Yeah, he was a jockey and there is always a horse around somewhere, but the books are often only peripherally about racing.
[posted to Goodreads in 2010 after Dick Francis died]
I’ve been rereading all the Dick Francis on the shelf in the Homer Public Library. This one is still my favorite. Painter Alexander Kinloch, nephew of a Scottish earl, is summoned from his aerie in Scotland by his mother to tend to his step-father, whose prosperous brewery has been ripped off to insolvency by its disappeared comptroller. Wonderful characters in contained but loving mother Vivienne; dithery but honorable step-father Ivan; proud, stubborn, hilarious uncle Himself (the earl); viperous but charming step-sister Patsy and her execrable husband Surtees; and one of the more capable and most amusing sidekicks I’ve ever read in the private investigative team of Young and Utley. The creation of the portrait of Zoe Lang is genius–wonderfully descriptive and mesmerizing.
Reflex, Straight, Banker, Proof, Decider also wonderful. Yeah, he was a jockey and there is always a horse around somewhere, but the books are often only peripherally about racing. Part of the greatness of his novels lies in the different worlds he explores in each of them, painting in To The Hilt, photography in Reflex, gemstones in Straight, venture capitalism in Banker, wine in Proof, architecture in Decider. He writes pretty much the same character every time, first person male, young, stubborn, honest, honorable, never a whiner, always calm and cool and on occasion astonishingly forgiving. Maybe it’s always the same narrator, but it’s someone you want to know, and the writing is excellent. Read Proof for the telephone conversation between English Tony and French Henri, worth the price of the book alone.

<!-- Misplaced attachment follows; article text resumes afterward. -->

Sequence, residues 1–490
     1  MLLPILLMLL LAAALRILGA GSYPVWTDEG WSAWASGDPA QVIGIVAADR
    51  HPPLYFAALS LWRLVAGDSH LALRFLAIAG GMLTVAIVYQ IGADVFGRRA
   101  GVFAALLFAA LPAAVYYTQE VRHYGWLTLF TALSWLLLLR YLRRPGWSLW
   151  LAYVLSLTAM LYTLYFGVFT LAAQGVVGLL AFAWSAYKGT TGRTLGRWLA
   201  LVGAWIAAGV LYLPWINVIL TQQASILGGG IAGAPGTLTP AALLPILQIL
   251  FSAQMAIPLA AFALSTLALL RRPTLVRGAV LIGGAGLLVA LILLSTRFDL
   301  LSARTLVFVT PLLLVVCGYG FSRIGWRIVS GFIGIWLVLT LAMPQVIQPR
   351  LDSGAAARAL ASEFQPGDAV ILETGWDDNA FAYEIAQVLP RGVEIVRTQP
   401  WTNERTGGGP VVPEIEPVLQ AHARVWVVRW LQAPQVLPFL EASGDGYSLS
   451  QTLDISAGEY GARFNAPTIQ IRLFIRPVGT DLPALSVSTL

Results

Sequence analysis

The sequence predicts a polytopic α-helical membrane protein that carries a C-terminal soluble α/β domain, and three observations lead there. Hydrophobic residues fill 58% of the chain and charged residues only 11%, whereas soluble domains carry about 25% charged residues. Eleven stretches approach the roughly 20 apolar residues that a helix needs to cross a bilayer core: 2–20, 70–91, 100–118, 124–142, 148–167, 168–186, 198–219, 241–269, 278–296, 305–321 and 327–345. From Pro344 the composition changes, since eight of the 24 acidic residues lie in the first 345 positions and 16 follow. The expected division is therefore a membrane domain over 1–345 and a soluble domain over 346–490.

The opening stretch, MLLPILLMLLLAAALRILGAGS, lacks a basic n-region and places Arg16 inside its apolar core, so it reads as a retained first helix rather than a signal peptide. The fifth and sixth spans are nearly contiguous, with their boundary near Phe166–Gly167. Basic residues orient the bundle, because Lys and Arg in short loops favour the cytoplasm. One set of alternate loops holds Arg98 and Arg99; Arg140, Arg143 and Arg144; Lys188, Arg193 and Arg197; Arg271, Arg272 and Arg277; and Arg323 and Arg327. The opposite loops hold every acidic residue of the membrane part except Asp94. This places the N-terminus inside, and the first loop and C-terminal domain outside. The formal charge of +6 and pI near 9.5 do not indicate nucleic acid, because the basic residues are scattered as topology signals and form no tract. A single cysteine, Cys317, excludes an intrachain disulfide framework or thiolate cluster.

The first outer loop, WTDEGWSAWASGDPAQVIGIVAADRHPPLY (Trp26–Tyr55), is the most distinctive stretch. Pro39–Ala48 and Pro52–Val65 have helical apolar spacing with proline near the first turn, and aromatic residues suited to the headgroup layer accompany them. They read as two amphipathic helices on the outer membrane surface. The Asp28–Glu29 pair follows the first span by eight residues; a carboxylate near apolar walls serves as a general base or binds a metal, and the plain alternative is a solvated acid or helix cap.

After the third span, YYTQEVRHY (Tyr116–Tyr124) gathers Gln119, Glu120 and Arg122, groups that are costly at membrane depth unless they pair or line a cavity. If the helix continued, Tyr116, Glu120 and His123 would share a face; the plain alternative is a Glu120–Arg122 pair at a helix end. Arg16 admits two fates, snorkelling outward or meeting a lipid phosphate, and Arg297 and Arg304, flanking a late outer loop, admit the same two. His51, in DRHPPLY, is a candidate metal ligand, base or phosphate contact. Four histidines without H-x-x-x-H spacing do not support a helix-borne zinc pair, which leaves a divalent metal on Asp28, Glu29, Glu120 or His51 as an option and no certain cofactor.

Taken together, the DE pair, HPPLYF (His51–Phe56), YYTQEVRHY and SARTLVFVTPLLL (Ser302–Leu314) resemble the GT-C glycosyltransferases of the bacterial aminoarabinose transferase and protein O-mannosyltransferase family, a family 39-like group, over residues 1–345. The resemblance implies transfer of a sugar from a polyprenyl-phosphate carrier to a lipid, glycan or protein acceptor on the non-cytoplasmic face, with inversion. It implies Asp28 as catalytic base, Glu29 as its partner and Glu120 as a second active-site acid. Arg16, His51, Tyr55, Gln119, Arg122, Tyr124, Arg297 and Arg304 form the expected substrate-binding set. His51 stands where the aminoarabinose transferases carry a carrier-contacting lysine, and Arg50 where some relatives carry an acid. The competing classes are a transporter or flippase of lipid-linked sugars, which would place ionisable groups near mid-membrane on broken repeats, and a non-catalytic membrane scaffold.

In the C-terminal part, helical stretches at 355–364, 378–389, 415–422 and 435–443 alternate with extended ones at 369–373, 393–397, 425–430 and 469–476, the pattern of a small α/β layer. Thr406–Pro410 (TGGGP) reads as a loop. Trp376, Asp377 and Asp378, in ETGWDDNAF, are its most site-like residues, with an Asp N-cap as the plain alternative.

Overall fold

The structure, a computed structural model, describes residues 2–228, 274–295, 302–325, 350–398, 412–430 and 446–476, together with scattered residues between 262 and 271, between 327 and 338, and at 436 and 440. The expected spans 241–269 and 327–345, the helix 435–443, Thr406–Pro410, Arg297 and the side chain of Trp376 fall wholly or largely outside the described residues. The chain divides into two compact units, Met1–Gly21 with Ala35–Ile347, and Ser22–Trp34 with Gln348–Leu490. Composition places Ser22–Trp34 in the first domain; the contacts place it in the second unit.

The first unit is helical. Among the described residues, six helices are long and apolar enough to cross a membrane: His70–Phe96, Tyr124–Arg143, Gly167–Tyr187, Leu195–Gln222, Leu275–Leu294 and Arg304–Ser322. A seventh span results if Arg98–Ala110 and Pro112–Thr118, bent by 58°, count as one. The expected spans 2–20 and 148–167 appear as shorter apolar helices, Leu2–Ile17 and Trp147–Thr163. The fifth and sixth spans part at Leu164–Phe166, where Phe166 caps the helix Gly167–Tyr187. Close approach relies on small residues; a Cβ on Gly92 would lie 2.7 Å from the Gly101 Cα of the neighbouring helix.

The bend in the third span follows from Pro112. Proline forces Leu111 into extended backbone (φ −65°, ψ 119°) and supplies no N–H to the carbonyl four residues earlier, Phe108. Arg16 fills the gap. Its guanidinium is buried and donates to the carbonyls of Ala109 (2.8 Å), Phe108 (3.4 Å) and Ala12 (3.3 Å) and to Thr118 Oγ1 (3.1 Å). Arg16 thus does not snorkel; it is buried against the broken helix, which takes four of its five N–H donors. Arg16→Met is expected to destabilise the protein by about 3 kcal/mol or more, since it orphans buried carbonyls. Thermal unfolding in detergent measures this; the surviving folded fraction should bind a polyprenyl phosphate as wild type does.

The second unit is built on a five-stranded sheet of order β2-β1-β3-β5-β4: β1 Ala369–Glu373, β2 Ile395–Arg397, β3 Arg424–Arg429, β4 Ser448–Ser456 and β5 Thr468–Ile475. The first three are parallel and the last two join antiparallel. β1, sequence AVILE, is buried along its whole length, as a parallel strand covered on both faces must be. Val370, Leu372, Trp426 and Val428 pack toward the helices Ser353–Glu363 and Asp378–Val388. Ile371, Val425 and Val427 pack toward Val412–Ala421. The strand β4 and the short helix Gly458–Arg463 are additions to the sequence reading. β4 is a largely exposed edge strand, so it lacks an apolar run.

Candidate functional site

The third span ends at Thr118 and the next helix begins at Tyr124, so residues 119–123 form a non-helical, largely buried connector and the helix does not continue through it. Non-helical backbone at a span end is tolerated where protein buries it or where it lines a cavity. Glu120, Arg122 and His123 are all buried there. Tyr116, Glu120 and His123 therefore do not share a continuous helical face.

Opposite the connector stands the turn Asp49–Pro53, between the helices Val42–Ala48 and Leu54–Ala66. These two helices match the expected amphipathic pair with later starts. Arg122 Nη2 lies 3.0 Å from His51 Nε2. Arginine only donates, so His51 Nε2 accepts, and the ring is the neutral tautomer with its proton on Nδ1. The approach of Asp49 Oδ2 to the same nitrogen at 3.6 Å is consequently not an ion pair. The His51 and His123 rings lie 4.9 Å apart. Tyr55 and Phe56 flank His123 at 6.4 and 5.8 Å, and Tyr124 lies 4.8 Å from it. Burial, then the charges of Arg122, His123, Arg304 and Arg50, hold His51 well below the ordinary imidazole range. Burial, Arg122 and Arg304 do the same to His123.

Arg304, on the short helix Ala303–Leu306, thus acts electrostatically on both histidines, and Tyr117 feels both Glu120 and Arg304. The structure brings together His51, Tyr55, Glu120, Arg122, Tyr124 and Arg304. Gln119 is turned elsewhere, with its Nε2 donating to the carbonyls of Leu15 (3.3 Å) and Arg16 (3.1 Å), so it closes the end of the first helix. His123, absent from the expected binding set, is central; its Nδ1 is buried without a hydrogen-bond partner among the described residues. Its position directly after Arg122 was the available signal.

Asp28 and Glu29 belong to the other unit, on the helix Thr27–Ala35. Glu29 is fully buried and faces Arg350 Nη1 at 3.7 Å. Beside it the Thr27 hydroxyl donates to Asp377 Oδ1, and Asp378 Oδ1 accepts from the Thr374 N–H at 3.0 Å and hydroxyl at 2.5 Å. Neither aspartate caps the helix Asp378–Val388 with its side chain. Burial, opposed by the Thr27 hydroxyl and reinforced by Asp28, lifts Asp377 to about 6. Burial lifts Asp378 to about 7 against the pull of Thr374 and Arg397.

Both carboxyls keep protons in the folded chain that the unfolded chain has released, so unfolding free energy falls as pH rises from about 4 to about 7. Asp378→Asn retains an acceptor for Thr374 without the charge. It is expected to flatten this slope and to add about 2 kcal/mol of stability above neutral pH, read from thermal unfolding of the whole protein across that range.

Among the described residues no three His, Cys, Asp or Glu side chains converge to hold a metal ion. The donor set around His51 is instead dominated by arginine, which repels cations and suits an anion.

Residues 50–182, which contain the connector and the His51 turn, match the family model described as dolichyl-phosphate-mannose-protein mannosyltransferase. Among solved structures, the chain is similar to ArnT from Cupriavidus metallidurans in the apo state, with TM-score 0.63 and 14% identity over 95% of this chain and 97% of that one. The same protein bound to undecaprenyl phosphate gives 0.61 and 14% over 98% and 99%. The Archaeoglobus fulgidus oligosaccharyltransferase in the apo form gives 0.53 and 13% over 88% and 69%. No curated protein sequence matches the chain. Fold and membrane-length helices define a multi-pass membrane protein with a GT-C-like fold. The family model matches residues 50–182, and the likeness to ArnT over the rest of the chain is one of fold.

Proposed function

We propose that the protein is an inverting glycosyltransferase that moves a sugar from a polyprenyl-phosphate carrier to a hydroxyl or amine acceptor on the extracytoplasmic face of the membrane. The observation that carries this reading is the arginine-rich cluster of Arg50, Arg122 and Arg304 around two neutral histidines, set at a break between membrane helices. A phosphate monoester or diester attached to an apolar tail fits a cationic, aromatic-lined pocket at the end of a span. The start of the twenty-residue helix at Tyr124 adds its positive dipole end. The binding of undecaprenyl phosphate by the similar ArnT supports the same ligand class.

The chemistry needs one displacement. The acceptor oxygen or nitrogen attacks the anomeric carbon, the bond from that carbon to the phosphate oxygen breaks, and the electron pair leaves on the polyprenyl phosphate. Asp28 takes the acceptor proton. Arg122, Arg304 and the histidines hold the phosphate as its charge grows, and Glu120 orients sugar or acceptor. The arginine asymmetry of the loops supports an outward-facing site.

Book Review Monday Chatter Uncategorized dick francis to the hilt
Dana View All →
Author and founder of Storyknife.org.
My favorite of his is Longshot, followed closely by Proof, Second Wind, Risk, the Sid Halley trilogy, and Straight. I reread all of the Dick a Francis mysteries every year or so. I had to stop reading when his son stepped in as co-author; the later books lack Dick Francis’ special style.
Longshot is one of my favorites, too. He went overboard with the torture on the Sid Halleys. And agreed, after the first one I don’t read his son’s books. That special Francis flavor died with Dick.
Dick’s books are mellow and don’t have as much gritty edge to them as the books Felix writes. Anyway that’s how I remember feeling about them. I buy all the old ones on sale to replenish my lost books.
Dick Francis is a master storyteller and I love his books. Read them all several times. His characters, like Dana’s, become real and stay with you.
I actually met him many years ago at the British Ling Jump balloon race. He was researching hot air balloons for Whip Hand. We talked for quite a while. The character in the book, John Viking, is based on a blend of a couple of balloonists flying at that time. I was one of I think two female pilots in the race and had recently set a woman’s altitude record. I was putting it around that we were going to go “high” and catch the faster winds to beat out our competition. I was delighted when that got written into the book. His description of ballooning is, by the way, very accurate.
10 LB Penalty is one of my all-time favorites. I’ve got all of his books and have probably read all of them at least 15 times. Outside of 10 LB Penalty, it’s had to decide which one to read next because they are all excellent, very entertaining and very well written. I was heartbroken when he died.
10 LB. Penalty is on sale on Kindle for $6.99. Thanks for making me look, April!
The Dick Francis mysteries have been on my ” stranded on a desert island” checklist for eons. One of the things I like about the books is the main characters are not all from the same cookie cutter. They’re not even all likeable. Several of the books were made into movies years and years ago.